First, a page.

Wed May 18, 2011 1:25 pm
Thu Jun 23, 2011 7:36 pm
The Zippin Pippin roller coaster is exceeding expectations and proving it by posting big numbers during the first month of operation.
The city owned Bay Beach amusement park brought in more than $226,000 over last year because of the new ride, with more than $726,000. That represents a more than 45% increase. The city was anticipating about a 20% increase.
The roller coaster is gaining attention, with a buck a ride, it brought in over $110,000 alone.
Park Director Tina Westergaard says more people are spending longer periods of time in the park. Receipts show spending increases in other areas of the park with concessions, souvenirs, soda machines, commissions, and video games.
May Jim Schmitt says this is about lifting a whole park, not just a roller coaster.
Schmitt received critical comments of his effort to bring the ride to Green Bay.
Overall ridership was lacking on all the other rides, with attendance down 7.3%. The other 16 rides saw ridership decrease by neary 25%.
Tue Apr 10, 2012 4:42 pm
Enjoying the rides at Bay Beach Amusement Park in Green Bay soon could mean more than just a fun and relaxing afternoon. It could mean supporting your favorite local charity. Green Bay city leaders are considering letting nonprofit groups raise money by asking donors to match revenue generated by rides at the popular city-owned amusement park.
Brown County United Way conceived the idea and sought to designate one day to benefit United Way during Bay Beach's upcoming summer season. Some city officials initially balked at the idea, questioning whether a public resource like Bay Beach should be used to fund a private charity. A compromise proposal headed to the Green Bay City Council tonight would limit the number of nonprofit events to be held each year and would require outside groups to share their charitable proceeds with the city.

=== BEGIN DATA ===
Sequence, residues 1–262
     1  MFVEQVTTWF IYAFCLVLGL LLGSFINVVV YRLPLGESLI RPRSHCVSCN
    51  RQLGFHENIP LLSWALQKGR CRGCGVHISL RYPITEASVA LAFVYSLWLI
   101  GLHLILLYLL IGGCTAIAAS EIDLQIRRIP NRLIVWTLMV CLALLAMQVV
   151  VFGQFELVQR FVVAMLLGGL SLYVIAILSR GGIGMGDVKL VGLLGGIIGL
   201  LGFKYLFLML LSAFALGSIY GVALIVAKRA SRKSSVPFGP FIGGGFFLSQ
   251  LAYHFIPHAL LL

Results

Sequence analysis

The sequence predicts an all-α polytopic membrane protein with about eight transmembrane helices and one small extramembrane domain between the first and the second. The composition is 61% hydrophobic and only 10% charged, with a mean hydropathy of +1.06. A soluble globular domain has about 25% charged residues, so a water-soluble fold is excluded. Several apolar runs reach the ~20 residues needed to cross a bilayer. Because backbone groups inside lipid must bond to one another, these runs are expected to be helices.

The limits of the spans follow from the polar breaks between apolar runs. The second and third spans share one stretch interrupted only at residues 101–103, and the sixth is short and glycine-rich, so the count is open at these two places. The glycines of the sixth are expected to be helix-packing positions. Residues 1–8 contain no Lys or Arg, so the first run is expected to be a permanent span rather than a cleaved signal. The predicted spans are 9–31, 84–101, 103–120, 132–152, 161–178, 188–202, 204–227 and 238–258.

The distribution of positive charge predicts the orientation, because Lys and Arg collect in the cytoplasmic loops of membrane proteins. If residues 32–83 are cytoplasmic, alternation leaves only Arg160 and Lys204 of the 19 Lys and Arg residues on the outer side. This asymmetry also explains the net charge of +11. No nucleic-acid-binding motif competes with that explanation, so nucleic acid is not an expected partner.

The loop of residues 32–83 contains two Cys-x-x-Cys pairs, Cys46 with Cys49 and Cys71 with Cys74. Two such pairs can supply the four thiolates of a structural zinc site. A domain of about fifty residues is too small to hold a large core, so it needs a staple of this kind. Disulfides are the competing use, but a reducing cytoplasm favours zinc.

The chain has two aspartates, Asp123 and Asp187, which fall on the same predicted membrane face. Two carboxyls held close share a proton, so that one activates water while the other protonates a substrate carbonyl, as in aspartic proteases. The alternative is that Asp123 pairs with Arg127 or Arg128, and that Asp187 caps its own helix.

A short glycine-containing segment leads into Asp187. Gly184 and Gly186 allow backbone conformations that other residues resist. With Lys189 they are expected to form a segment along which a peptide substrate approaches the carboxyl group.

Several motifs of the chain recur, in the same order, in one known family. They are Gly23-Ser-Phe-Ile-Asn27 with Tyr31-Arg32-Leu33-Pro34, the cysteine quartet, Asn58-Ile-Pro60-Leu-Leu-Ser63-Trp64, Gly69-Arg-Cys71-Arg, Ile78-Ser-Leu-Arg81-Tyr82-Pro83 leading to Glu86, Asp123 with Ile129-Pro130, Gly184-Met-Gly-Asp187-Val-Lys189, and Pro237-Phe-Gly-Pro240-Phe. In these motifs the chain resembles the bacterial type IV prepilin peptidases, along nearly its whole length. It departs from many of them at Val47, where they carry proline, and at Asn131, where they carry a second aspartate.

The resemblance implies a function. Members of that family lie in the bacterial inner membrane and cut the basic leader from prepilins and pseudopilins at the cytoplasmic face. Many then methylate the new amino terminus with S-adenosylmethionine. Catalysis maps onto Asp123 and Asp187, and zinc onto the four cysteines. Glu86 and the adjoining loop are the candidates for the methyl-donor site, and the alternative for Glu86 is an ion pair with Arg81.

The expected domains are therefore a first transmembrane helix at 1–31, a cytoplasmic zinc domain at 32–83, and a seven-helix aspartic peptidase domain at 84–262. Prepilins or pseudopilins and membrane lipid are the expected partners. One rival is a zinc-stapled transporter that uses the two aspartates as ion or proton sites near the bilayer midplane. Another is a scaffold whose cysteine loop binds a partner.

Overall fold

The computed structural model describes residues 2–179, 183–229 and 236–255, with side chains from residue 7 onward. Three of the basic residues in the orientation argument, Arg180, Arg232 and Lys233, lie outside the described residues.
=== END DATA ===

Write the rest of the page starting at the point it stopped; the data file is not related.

Alderman Jerry Wiezbiskie, an early critic of the idea, said he now sees the arrangement as a winning strategy for both sides. "Share with us, and we'll share with you," he said. "If anything, it's going to increase our business and make the park more valuable to our community."
Under the proposal, a nonprofit would have to give the city 2 percent of its proceeds for the right to raise funds at Bay Beach, which sometimes generates crowds of 5,000 people or more daily during the summer.
Brown County United Way President Gregg Hetue said he was unsure whether his organization would want to go ahead with its event under the city's conditions. Hetue said he had hoped allowing sponsors to match Bay Beach ride revenue would create a new source of funds for the organization's early childhood development programs, also known as the Community Partnership for Children. Referring to the emphasis on helping children, Hetue said holding an event at Bay Beach seemed like a natural alliance. "What better place than a place where kids go every day?" he said.
Tentatively planned for July 29, the event would allow individual United Way sponsors to choose one of Bay Beach's 17 rides and match whatever revenue was generated by that ride throughout the day. The city would not be asked to relinquish any of its normal revenue from the amusement park.
United Way officials have talked about lining up 17 corporate sponsors so that the Ferris wheel, bumper cars, merry-go-round and other attractions all would generate matching dollars for charity.
Dawne Cramer, the city's parks and recreation director, said other nonprofits in the community might want to try the same thing if it is successful for United Way. "I think this is a great opportunity for them," Cramer said. "Where else do you get to go and use a venue like Bay Beach?"
Buoyed by its new Zippin Pippin roller coaster, the amusement park last year posted record-high revenues of more than $2 million for the city.
Aldermen on the City Council Park Committee voiced concerns about using city dollars to support private charities, or possibly attracting out-of-town groups or inappropriate nonprofits, such as political organizations.
The policy being debated by City Council tonight limits the offer to Brown County nonprofits with a "family oriented" purpose. It also requires a $50 application fee and another fee to cover city costs — on top of the 2 percent share of the proceeds.
No more than two such nonprofit events annually would be permitted under the proposal. Alderman Ned Dorff said he might support increasing the number of events allowed so that more local nonprofits can borrow the United Way's idea and benefit from charitable matching dollars.
Dorff said he proposed the 2 percent share — which would be earmarked for the city's Bay Beach fund — as a way of making sure that the city was reimbursed for any costs involved in helping a charity hold its event at Bay Beach. Dorff said he welcomed the United Way's creative new approach to fundraising. "It's a cool idea," he said. "We just had to set some ground rules."
Tue Apr 10, 2012 8:20 pm
Thu Mar 07, 2013 5:13 am
Fri Mar 08, 2013 2:45 pm
Fri Mar 08, 2013 2:52 pm
LoneRider92 wrote:The Sea Dragon sounds like it will be a perfect fit for the park. With the success Zippin Pippin has had and seeing the boom Fun Spot is experiencing,
Fri Mar 08, 2013 3:46 pm
Fri Mar 08, 2013 4:51 pm
Fri Mar 08, 2013 4:56 pm